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Monastery of El Carmen Alto

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Monastery of El Carmen Alto

Monastery of El Carmen Alto

Monastery of El Carmen Alto

Monastery of El Carmen Alto

Monastery of El Carmen Alto

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Schedules: Wednesday to Sunday: 09:30 a 17:30
Phone: 2955817
Address: García Moreno Oe5-131 and Rocafuerte
Price: Price: adults: 3,00. Students: 2,00. Children (12 years) and senior citizens: 1,00

It exhibits works from the XVII, XVIII, XIX and XX centuries by artists such as Bernardo Rodríguez, Luis Ruiz and Victor Mideros.

 

The Monastery of el Carmen de San José was the first of the Order of Carmelitas Descalzas (Discalced Carmelites) in the ancient Real Audiencia (Chancellery) of Quito.

 

Established in 1653, it constitutes one of the religious icons with the greatest transcendence for the city’s inhabitants, given that Santa Mariana de Jesús died in this house (1618-145), also known as the Azucena (Lilly) of Quito.

 

Upon the destruction of the convent of the Carmelites in Latacunga in 1698, the community sought refuge in Quito, but given that the presence of more than 21 black habit nuns in a single monastery was prohibited, a new house needed to be established, which was named the primeval monastery, Carmen Antiguo (Ancient Carmen) or Carmen Alto (High Carmen)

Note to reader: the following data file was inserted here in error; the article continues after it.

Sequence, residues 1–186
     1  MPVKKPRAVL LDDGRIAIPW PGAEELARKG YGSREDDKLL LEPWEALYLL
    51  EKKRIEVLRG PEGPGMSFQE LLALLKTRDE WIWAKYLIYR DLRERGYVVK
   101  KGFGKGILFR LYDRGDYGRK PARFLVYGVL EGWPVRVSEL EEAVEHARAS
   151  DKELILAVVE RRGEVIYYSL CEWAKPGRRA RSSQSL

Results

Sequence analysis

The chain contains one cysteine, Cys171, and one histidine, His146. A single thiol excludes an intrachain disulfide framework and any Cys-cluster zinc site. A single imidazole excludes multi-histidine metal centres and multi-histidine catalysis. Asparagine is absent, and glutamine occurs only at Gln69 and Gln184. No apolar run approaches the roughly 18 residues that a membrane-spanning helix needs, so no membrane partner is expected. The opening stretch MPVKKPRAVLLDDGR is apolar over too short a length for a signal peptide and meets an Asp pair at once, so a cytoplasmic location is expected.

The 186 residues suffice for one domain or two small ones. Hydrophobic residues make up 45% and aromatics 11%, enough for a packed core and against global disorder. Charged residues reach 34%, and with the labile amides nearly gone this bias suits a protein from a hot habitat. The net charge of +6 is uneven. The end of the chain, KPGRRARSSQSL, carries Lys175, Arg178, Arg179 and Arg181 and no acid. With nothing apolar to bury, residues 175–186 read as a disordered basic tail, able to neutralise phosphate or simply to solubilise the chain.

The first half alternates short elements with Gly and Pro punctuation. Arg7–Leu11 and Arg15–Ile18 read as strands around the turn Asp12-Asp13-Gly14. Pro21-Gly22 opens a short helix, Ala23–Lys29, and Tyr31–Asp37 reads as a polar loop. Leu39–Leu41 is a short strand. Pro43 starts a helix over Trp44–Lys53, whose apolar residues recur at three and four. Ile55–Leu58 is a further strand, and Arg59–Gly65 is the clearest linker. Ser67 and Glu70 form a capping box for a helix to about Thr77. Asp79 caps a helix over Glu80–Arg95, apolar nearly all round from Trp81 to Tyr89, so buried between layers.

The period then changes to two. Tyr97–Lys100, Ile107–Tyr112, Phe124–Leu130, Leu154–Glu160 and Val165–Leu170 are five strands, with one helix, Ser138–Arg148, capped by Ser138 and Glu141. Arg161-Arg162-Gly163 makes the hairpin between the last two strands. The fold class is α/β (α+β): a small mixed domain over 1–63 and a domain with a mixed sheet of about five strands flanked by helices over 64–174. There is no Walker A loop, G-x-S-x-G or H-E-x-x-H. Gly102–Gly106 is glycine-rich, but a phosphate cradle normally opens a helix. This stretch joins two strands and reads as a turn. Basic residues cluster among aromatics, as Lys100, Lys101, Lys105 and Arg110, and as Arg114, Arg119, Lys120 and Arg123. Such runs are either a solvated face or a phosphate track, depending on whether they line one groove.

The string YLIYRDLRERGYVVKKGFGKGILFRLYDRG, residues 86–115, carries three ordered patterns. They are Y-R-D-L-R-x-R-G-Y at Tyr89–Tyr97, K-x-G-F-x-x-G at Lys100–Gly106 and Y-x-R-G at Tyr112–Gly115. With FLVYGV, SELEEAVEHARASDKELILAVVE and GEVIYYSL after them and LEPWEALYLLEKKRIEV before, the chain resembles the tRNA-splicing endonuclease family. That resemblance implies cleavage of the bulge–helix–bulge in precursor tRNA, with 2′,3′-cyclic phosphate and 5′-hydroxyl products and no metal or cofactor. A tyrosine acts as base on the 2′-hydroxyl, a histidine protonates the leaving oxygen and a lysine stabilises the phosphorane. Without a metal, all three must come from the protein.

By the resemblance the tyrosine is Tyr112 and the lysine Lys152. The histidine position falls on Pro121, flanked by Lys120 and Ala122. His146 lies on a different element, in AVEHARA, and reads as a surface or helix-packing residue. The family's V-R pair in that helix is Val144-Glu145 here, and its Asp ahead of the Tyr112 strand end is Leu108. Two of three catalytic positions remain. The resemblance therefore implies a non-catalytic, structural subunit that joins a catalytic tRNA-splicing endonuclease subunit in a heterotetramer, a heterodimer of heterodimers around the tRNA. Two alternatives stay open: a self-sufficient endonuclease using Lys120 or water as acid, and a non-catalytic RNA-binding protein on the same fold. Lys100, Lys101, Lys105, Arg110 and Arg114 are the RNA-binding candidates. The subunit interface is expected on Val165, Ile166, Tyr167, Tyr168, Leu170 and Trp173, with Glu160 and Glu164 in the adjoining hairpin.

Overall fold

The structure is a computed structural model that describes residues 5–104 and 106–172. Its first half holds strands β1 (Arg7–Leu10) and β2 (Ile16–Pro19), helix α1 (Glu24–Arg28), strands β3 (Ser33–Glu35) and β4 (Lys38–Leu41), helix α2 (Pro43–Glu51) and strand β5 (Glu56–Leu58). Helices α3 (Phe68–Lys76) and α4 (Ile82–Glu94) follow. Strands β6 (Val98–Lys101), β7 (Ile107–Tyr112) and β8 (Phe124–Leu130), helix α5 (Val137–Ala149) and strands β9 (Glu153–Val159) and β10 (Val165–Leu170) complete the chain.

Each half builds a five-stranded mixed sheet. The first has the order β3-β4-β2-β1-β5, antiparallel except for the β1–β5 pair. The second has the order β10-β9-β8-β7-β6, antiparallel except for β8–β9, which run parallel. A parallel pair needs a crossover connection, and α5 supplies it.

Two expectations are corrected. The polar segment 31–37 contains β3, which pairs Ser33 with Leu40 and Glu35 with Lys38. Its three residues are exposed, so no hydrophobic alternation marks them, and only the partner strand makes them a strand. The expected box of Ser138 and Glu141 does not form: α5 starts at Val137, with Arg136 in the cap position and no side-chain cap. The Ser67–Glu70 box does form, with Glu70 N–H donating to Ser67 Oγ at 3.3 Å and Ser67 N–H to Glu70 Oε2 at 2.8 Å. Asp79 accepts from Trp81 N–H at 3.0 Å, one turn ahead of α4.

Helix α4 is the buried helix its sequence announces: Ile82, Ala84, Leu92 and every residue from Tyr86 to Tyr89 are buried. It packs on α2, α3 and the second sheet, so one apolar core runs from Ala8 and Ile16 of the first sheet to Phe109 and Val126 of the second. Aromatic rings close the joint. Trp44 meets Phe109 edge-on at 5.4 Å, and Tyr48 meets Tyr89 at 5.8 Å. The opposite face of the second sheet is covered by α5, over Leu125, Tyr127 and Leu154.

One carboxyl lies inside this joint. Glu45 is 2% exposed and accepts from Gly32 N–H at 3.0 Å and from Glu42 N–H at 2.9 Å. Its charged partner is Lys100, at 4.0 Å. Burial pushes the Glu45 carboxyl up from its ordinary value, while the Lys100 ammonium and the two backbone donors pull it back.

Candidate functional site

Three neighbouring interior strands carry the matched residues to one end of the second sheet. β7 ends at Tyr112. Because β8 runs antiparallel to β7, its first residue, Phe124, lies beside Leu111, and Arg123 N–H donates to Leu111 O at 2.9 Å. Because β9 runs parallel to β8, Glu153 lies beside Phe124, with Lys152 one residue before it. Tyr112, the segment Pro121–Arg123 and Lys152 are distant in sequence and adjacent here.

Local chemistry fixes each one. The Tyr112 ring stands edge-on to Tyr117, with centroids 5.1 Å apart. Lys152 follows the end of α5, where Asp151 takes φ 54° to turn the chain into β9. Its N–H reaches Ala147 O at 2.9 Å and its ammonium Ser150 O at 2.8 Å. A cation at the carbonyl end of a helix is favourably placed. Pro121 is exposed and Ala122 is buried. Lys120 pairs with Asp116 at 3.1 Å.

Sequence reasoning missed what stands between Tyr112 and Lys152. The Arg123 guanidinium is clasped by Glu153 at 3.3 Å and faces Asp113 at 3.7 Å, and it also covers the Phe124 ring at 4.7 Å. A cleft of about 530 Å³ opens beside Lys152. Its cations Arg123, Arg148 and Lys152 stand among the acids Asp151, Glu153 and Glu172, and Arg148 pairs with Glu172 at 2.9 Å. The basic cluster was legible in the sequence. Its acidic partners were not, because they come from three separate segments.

It is located on García Moreno and Rocafuerte, across from the Museum of the City, along the “Street of the Seven Crosses”. There has been a museum open in the monastery since 2013, occupying the two most ancient cloisters; there, one can appreciate the material and immaterial heritage that has been preserved by the Carmelites for more than 360 years, as part of a modern exhibit that displays religious works of art from both anonymous and recognized artists from Quito.

 

The tour allows visitors to learn of the life of Mariana de Jesús through the brush of colonial painters Hernando de la Cruz (¿1592?-1646), Joaquín Pinto (1842-1906) and Víctor Mideros (1888-1967).

 

Among the main pieces of visual imagery of the monastery, we can find small traditionalist images from the XVIII and XIX centuries, which make up the “belén Carmelita”, a splendid pyx of precious metals and stones, or the nearly life-size sculptural ensemble of the Dormition of the Mother of God (XVIII century), among others.

 

It is not only possible to approach the historical heritage here, given that it is a live space, inhabited by the Discalced Carmelite community, which is why visitors are able to acquire handcrafted products made by the nuns, such as: wines, mistelles, cookies, embroideries, etc.

 




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